Modern medicine has come to stand for a number of things, and one of those is the sort of advancement that puts paid to old ailments that have come to gain fearsome reputations for what they can do to our bodies, and for the damage they can wreak over time. Aside from figuring out more and more powerful drug treatments for these ailments, modern medicine has in fact bestowed upon us a better and more comprehensive understanding of the workings of the human body. This knowledge has been put to use in figuring out less invasive and less high-impact ways of dealing with troublesome ailments, without damaging the body along the way.
For instance, we have always viewed arthritis as a thorn in the side – well, in the joints – of males and females (up to three times more the latter than the former) from as 30 to 60. Rheumatoid arthritis, in particular, is quite fearsome. This autoimmune disease leads a malfunctioning immune system to target the joints, thickening the synovial fluid there which as a result causes significant pain and inflammation. One of the indicators of RA developing is pain in your hands and/or feet; this usually occurs in both sides at the same time – typically at the main joints (wrists, knuckles closest to palm, ankles) rather than the distal ones.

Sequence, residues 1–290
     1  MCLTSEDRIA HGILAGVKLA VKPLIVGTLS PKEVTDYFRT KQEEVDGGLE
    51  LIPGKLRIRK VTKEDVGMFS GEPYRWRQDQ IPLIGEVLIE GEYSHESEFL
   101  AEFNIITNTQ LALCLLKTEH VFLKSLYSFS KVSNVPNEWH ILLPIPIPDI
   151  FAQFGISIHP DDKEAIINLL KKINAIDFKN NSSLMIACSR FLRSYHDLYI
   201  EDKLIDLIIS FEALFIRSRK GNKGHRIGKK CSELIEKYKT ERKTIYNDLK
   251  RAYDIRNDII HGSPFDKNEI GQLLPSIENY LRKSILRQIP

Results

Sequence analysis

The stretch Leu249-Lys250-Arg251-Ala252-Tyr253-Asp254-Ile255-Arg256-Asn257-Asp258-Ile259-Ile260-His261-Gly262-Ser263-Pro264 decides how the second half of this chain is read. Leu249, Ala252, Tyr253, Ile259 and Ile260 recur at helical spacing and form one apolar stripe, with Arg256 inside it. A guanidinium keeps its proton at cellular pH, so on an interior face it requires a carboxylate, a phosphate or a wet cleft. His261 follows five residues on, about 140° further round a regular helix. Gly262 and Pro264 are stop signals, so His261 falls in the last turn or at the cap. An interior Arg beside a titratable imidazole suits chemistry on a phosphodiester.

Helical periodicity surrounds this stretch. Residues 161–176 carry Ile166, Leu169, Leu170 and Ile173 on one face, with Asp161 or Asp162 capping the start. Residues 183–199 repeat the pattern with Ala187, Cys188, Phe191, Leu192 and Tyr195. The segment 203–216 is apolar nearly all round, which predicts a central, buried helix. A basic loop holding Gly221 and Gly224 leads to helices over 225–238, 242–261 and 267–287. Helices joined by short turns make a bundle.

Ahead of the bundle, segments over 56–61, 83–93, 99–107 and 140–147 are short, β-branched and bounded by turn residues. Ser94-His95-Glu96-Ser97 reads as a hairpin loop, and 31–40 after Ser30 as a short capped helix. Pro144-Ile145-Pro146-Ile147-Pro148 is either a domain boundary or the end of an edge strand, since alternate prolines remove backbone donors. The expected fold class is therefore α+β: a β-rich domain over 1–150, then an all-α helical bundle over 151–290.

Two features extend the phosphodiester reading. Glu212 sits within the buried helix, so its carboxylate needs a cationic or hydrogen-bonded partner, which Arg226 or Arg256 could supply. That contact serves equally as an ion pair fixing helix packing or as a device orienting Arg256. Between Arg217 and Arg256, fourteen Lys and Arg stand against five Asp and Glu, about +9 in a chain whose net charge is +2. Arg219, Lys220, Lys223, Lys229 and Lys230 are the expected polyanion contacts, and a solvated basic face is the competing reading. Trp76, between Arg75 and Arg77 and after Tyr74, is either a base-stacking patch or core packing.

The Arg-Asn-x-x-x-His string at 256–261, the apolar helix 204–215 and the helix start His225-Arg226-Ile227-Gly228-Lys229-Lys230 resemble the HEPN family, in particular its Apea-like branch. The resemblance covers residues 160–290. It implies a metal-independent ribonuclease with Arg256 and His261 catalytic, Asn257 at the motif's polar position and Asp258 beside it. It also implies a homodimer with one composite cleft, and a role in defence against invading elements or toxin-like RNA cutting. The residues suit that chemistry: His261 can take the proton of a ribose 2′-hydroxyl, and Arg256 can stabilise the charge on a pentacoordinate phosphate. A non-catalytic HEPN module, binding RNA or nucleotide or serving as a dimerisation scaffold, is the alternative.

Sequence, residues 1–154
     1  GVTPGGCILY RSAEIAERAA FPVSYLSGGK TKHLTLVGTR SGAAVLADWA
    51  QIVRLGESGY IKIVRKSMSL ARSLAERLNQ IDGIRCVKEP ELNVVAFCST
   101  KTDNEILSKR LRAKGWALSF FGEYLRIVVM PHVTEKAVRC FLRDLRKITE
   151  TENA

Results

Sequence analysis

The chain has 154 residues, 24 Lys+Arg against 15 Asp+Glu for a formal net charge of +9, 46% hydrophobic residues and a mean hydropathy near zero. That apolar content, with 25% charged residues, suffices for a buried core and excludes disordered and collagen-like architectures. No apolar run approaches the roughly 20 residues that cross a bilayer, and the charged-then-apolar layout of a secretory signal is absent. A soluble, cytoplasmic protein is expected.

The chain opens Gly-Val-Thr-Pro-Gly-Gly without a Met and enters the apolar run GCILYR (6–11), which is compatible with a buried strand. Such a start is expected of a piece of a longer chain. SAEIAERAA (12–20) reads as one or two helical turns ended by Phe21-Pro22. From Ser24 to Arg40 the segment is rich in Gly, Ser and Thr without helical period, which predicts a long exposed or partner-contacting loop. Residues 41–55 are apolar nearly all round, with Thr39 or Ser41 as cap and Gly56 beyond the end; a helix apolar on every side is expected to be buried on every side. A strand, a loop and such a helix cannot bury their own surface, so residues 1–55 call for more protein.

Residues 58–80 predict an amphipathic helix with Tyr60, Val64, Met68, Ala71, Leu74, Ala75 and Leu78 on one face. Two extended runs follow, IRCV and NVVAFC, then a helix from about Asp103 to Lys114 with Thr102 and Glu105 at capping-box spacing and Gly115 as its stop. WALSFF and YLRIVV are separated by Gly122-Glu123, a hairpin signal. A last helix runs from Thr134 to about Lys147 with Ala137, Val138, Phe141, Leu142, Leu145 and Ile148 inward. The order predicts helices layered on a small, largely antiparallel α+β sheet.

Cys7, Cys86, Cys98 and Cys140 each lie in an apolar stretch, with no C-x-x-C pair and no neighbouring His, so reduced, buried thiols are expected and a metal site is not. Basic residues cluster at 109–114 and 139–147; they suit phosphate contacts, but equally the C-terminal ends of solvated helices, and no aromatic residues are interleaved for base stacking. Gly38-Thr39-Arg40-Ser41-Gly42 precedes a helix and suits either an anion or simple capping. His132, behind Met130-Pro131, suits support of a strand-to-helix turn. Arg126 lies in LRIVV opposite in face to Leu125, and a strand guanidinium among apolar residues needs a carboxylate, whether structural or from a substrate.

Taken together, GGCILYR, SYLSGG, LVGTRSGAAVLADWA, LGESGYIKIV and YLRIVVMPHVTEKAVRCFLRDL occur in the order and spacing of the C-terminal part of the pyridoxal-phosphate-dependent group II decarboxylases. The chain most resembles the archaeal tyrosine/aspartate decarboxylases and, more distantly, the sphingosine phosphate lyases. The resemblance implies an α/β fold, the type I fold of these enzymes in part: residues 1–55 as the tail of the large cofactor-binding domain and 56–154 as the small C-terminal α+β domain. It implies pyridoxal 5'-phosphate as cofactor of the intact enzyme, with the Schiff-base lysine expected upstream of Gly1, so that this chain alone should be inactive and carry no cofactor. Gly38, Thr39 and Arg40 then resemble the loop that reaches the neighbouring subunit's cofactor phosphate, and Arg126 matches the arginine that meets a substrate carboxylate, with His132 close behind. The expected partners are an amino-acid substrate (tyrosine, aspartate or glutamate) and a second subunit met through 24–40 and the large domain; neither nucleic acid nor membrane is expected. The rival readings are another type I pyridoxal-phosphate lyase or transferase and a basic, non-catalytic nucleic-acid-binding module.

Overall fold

Rheumatoid Arthritis: Far More Complex Than OA
While less common than osteoarthritis, rheumatoid arthritis is far more complex. Modern analysis suggests that some genetic markers are associated with greater susceptibility to the disease, but that is as yet inconclusive. What is known more concretely is that rheumatoid arthritis or RA has plenty of other effects. These include muscle wasting (rheumatoid cachexia), which could itself have potentially dangerous implications – remember that the heart is a muscle, and the danger becomes clear – as well as scarring of the lungs, possible bone thinning, and depression. The pain itself, of course, is considerably significant as an immediate effect of rheumatoid arthritis.
What is doubly problematic is that some of the medication for rheumatoid arthritis is itself toxic in a sense. Because rheumatoid arthritis is an autoimmune disease, many drugs for it include the suppression of the immune system as a necessary step. This can lead to infections that the body’s defenses have effectively been instructed not to deter, which can lead to matters that complicate the situation. On top of this, some of the drugs are so powerful as to cause problems similar in scale to the ones they confront – prednisone, methotrexate, Enbrel, and more are commonly used to deal with RA. Patients have reported thinning hair and the need for constant liver checkups, as well as the warning that certain drugs might take 15 to 20 years off their life.
The Road back: Rheumatoid Arthritis, its Cause and its Treatment, a book written by Dr. Thomas McPherson Brown and Dr. Henry Scammell, brought to light the potential for an effective but far less antibiotic-dependent treatment for rheumatoid arthritis. Dr. Brown disagreed with the use of prednisone, despite its prominence in the 40s and 50s as RA medication. Other researchers have since continued the late Dr. Brown’s work and endeavored to remove antibiotics from the equation entirely.